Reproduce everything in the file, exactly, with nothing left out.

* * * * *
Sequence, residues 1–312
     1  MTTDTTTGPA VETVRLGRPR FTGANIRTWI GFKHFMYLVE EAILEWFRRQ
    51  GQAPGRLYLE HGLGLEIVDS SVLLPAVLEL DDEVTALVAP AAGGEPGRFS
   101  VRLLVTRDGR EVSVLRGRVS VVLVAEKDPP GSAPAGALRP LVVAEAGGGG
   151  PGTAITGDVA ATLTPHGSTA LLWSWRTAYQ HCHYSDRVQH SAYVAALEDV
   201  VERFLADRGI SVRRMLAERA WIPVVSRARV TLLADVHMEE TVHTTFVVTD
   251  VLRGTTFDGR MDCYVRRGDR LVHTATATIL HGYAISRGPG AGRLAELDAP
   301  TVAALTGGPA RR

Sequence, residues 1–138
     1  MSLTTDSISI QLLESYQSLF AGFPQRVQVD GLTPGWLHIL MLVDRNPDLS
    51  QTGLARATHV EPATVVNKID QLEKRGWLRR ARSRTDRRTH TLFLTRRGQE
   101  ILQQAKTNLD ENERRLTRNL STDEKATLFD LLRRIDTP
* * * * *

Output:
Sequence, residues 1–312
     1  MTTDTTTGPA VETVRLGRPR FTGANIRTWI GFKHFMYLVE EAILEWFRRQ
    51  GQAPGRLYLE HGLGLEIVDS SVLLPAVLEL DDEVTALVAP AAGGEPGRFS
   101  VRLLVTRDGR EVSVLRGRVS VVLVAEKDPP GSAPAGALRP LVVAEAGGGG
   151  PGTAITGDVA ATLTPHGSTA LLWSWRTAYQ HCHYSDRVQH SAYVAALEDV
   201  VERFLADRGI SVRRMLAERA WIPVVSRARV TLLADVHMEE TVHTTFVVTD
   251  VLRGTTFDGR MDCYVRRGDR LVHTATATIL HGYAISRGPG AGRLAELDAP
   301  TVAALTGGPA RR

Sequence, residues 1–138
     1  MSLTTDSISI QLLESYQSLF AGFPQRVQVD GLTPGWLHIL MLVDRNPDLS
    51  QTGLARATHV EPATVVNKID QLEKRGWLRR ARSRTDRRTH TLFLTRRGQE
   101  ILQQAKTNLD ENERRLTRNL STDEKATLFD LLRRIDTP